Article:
White Sox offseason preview: Is Bryce Harper coming to the South Side?
White Sox offseason preview: Is Bryce Harper coming to the South Side?
The Chicago White Sox head into the offseason with a lot on their plate. Following another bad season on the field in the majors, the Sox need to make some major upgrades to their roster if they're going to be more competitive in 2019.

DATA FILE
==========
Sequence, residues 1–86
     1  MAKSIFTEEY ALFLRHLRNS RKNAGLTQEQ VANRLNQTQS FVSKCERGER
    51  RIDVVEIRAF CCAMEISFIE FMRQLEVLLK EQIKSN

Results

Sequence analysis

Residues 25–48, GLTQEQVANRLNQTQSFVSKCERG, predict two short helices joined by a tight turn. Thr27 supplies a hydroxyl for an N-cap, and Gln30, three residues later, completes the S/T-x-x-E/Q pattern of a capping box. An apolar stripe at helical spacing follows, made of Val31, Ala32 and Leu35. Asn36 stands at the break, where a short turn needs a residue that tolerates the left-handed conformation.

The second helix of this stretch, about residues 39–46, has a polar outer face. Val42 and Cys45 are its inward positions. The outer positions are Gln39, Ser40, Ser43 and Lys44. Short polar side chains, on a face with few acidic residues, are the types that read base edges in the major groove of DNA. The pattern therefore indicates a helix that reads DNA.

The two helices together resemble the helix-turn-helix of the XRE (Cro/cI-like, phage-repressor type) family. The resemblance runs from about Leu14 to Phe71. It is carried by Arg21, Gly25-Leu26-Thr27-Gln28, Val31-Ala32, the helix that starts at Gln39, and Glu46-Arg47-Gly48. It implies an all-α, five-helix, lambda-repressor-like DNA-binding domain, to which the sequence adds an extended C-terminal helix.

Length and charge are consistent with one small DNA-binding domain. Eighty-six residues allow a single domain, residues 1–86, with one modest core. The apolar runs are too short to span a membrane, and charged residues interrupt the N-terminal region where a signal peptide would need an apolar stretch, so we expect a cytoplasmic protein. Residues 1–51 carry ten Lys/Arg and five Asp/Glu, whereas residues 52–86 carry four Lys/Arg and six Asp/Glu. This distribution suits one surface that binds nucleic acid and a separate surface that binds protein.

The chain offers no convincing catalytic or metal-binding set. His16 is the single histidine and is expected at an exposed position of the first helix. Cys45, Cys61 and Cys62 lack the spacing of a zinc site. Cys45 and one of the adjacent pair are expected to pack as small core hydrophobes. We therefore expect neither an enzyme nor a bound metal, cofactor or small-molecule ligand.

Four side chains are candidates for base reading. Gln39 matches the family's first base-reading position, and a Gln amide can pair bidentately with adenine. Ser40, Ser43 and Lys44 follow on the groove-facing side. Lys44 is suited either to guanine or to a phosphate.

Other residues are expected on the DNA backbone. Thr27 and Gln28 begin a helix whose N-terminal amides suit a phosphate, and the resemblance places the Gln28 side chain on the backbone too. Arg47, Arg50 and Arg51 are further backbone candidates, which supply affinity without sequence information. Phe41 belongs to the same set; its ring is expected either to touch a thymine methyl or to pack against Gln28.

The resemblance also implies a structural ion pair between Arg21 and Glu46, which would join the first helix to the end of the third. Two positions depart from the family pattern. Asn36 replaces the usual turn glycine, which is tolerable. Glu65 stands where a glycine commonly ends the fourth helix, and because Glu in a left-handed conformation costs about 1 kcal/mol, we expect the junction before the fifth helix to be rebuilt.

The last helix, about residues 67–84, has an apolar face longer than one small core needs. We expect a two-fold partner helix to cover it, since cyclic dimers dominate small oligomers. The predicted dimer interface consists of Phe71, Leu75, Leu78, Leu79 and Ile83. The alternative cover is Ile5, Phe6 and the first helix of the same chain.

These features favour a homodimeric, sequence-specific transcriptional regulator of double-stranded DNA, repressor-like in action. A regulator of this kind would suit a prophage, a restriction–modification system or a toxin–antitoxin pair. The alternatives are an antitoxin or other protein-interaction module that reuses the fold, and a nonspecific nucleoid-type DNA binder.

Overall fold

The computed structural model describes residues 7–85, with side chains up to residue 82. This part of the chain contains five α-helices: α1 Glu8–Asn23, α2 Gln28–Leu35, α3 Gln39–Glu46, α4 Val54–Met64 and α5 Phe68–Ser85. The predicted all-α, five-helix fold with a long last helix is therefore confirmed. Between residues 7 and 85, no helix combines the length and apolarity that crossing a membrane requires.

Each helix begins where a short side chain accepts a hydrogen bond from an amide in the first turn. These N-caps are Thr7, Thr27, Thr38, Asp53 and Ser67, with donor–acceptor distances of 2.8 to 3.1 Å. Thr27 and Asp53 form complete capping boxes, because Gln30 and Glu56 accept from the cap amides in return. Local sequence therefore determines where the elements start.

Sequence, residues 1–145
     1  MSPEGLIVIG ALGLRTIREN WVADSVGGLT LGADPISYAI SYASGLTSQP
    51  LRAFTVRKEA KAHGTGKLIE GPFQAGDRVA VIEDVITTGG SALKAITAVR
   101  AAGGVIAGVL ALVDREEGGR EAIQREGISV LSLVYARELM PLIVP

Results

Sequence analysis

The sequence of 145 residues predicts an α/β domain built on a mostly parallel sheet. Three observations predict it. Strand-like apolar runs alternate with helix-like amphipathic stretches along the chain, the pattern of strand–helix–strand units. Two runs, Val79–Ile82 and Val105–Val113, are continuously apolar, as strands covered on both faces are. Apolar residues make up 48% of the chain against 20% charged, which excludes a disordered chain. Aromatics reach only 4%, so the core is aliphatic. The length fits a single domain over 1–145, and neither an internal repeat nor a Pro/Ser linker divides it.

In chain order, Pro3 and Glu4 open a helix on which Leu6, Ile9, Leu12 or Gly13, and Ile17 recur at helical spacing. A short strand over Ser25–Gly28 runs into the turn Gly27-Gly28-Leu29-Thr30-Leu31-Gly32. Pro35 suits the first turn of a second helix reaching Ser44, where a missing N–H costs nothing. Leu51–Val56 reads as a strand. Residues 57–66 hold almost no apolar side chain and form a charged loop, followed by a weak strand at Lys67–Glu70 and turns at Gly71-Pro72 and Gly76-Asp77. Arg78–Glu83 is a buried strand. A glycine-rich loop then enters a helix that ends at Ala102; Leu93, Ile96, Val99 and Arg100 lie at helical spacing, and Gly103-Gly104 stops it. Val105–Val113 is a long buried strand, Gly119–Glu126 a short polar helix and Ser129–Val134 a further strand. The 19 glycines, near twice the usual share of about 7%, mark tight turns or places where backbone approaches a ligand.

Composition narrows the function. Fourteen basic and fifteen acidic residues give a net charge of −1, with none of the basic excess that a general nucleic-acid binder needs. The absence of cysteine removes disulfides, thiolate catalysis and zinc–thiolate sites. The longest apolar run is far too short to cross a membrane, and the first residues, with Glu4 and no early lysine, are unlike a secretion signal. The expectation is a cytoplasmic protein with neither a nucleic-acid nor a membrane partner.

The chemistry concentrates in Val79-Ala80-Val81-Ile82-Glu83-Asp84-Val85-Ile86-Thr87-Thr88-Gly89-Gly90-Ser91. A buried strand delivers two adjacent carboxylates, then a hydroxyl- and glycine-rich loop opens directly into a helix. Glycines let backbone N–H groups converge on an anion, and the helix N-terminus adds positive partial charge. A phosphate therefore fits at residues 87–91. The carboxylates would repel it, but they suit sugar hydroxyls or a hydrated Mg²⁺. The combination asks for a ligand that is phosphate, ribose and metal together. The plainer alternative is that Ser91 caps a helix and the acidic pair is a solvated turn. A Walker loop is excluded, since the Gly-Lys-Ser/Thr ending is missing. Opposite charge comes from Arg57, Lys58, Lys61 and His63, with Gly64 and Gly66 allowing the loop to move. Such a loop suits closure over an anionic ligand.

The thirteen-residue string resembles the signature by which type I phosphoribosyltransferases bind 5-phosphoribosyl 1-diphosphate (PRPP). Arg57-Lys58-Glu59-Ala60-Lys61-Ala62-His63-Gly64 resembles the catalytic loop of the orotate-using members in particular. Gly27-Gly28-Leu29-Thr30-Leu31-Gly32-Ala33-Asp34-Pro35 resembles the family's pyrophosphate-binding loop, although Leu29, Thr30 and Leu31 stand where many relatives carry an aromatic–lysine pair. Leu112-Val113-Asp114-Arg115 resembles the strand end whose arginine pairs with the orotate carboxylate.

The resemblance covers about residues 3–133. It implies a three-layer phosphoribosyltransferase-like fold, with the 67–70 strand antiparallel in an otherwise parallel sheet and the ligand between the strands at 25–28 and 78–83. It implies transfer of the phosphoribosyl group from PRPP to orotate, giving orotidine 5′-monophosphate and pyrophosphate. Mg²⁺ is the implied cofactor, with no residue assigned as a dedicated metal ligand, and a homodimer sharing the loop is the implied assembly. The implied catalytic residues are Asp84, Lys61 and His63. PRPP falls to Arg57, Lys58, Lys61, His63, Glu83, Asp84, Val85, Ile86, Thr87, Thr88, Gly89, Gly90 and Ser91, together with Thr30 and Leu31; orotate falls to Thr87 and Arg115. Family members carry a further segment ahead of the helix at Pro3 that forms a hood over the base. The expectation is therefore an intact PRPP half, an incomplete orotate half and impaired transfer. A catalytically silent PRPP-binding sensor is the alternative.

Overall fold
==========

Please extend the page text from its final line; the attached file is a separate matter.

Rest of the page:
The Chicago White Sox head into the offseason with a lot on their plate. Following another bad season on the field in the majors, the Sox need to make some major upgrades to their roster if they're going to be more competitive in 2019. Specifically, they need a better offense, deeper starting pitching, and some bullpen arms. Easy peasy, right? The good news is that the White Sox have a great one-two punch for fixing a roster: Great young prospects and payroll flexibility. Chicago has just $14.3 million committed to the 2019 payroll prior to figuring in arbitration raises and pre-arb salaries, and there's a good chance that only one player currently on the roster is set to break the $10 million barrier in arbitration next year. Suffice it to say, the Sox have flexibility. And with some great young talent on the way soon, we could be seeing a legit World Series contender as early as 2020 if they play their cards right. But let's slow down and take one step at a time. First, let's examine what the White Sox need to do this offseason and how they might look to fill out their roster. ## Rotation Reynaldo Lopez and Carlos Rodon. Those are the only two guys that you can definitively project as starting pitchers for the 2019 White Sox at this moment. But that doesn't mean the Sox don't have pitching on the way. Lucas Giolito started 32 games in 2018 and posted a 6.13 ERA, but he's a 24-year-old former top prospect so he'll be given a chance at a rotation job next year. The same could be said for Dylan Covey – about having a chance at a job, not being a former top prospect. The future of the White Sox rotation is in Michael Kopech, who will miss all or nearly all of the 2019 season following Tommy John surgery, and other prospects such as Dylan Cease and Dane Dunning. Thinking ahead to 2020, Lopez, Rodon, Cease, either Dunning or Giolito, and a healthy Kopech could be one of the best 1-through-5's in the game. However, that's still a year off. For now, general manager Rick Hahn needs to figure out how to fill in the innings for next season. Giolito, Covey, and the perpetually disappointing Carson Fulmer will all get a shot, but expect that Hahn will want to find better depth than two solid starters (Lopez and Rodon) and three struggling kids. On the free agent market, there is James Shields – who threw 204 1/3 innings for Chicago last year with a 4.53 ERA – and a host of others, ranging from legitimate ace's to quality inning eaters. Dallas Keuchel, Patrick Corbin and Nathan Eovaldi are out there, but I wouldn't expect the Sox to spend that kind of money on starters with all the pitching prospects they have in the high minors. Guys like Shields, Lance Lynn, Gio Gonzalez, or even J.A. Happ could be targets. ## Bullpen Joakim Soria had an impressive season with the Sox in 2018, posting a 2.56 ERA and 16 saves in 19 chances over 38 2/3 innings. But they traded him to the Milwaukee Brewers at mid-season, and most of what was left on the roster wasn't all that good. Xavier Cedeño had a nice season as a left-hander out of the 'pen, but he was also sent to Milwaukee in a later deal. Luis Avilán, another lefty, was sent to the Philadelphia Phillies in an August deal. Going into next season, the White Sox need some serious bullpen help. For now, let's look at what they do have. Left-hander Jace Fry is just 25 years old and struck out 12.3 batters per nine innings last year, Juan Minaya had a solid year for Chicago despite way too many walks (5.6 per nine), and the oft-injured Nate Jones managed to pitch 30 2/3 innings with a 3.00 ERA. Beyond those three, the Sox have a few more kids that will be looking for a tryout in the 'pen. Ian Hamilton, a 23-year-old prospect, threw just eight innings in the big leagues but had a 1.74 ERA with 10.8 K/9 over 51 2/3 innings in the minors. Aaron Bummer, José Ruiz, and hey, even Matt Davidson could get an opportunity to pitch in relief next season. As far as free agency goes, there are plenty of arms out there and the Sox have money to burn. Craig Kimbrel, Kelvin Herrera, Jeurys Familia, and Zach Britton are a handful of elite names, but Adam Ottavino, Cody Allen, Andrew Miller, and former White Sox closer David Robertson will also be commanding big offers. If you keep going down the list of veteran names, you'll end up with Justin Wilson, Joe Kelly, Bud Norris, and plenty more. The White Sox will target a few free agents in the bullpen department, and ultimately they'll rely on a mixture of veterans and kids to solve the equation next year. ## Position Players This is where the Sox have arguably the biggest deficit between a team that's rebuilding and a 90-plus game winner. José Abreu wasn't traded last year, so he'll return in his final year of arbitration at the age of 32. The Sox really value the kind of veteran leadership that Abreu brings, as well as his mentoring of fellow Cuban Yoán Moncada. He might only stick around until the trade deadline, but there's a chance the Sox lock Abreu up for a few more years too. Otherwise, most of what the White Sox have graduated to the big leagues on offense has been painfully mediocre. The team was 12th in the American League in runs scored in 2018, 10th in home runs (despite playing their home games inside one of the most homer-friendly parks in the game), and 13th in on-base percentage. The 2019 season will be a good test for Avisaíl García to see if his breakout in 2017 is the exception or the rule, and Davidson will likely stick around if he's providing that sweet two-way player value at the plate and on the mound. But the rest is kind of painful. Everywhere you look, as far as the eye can see, it's White Sox batters with OPS's under .700. Daniel Palka had a nice rookie season with 27 home runs, and he might have a role with future iterations of this team as a power bat on the bench. However, it's hard to envision more than just a handful of guys from the 2018 offense having a major role on the South Side's next World Series contender. Hahn knows this, and it's why he's ready to pull out all the stops for Bryce Harper and/or Manny Machado. The Sox were apparently busted out on Twitter for filming their free agent pitch to Harper at the United Center, including an LED banner featuring Harper's name and jersey number next to a White Sox logo. The Washington Nationals outfielder is the big prize in free agency, and rumor has it he already turned down a 10-year, $300 million deal to remain in Washington, D.C. Will team owner Jerry Reinsdorf approve the kind of contract that it would cost to bring Harper to the rebuilding Sox? That's hard to see happening, even if the team has no real long-term payroll obligations to speak of. Front-loading a contract could actually make sense, given how Chicago projects to have some young players getting close to free agency about six or seven years from now. However, USA Today writer Bob Nightengale believes that Harper is a virtual lock to end up with the Phillies. Machado certainly wouldn't be a bad silver medal for Hahn and the Sox, with the 26-year-old shortstop/third baseman seemingly being built to hit at Guaranteed Rate Field. He has averaged 36 home runs per season over the last four years while staying remarkably healthy and playing no less than 156 games. The guess here is that the White Sox get aggressive in their pursuit of Machado, who many believe will ultimately land with the New York Yankees. If that's the case, the Sox could turn to the trade market or secondary free agents such as Josh Donaldson, A.J. Pollock, or Andrew McCutchen. ## Prospects The White Sox have lots of good prospects. In addition to the continued development of Moncada, Palka, Tim Anderson, and all the previously mentioned pitchers at the big league level, there are a handful of others that you should keep your eye on. The biggest name is Eloy Jimenez, who was acquired from the Cubs in the José Quintana deal. Jimenez is a top-five prospect in all of baseball, and in 456 plate appearances between Double-A and Triple-A last year he hit .337/.384/.577 with 22 home runs. If it weren't for service time manipulation, Jimenez likely would've been in the big leagues with the Sox while the team had oh-so-many injuries to position players down the stretch. But while playing out a 62-100 season and at least one more non-contending season on the horizon, Hahn would've been foolish to start Jimenez's clock in the majors. It'll be hard to keep him down this year, although the White Sox will probably try. Expect that Jimenez starts the season in Triple-A but makes it to the majors within a manner of weeks, allowing Chicago to stave off his eventual free agency by an extra year. After all, more money for Reinsdorf is the ultimate goal, right? Cease, who will be 23 in 2019, could be in line to make his big league debut as well. He has yet to pitch above Double-A, but posted a sparkling 1.72 ERA in 52 1/3 innings there last year. The hard-throwing right-hander should join Jimenez in Triple-A to start the year and might get a look in the rotation at mid-season. Dunning is yet another pitcher that's high on the prospect lists, and he too should be at Triple-A and knocking on the door to the big leagues this season. Other guys to watch include catcher Zack Collins, pitcher Jordan Stephens, and former top-100 pitching prospect Spencer Adams. Outfielders Luis Robert and Blake Rutherford, as well as 2018 first-round pick Nick Madrigal, are likely still another year away at best.2018-11-09T19:46:58.994Z2018-11-09T12:30-07:00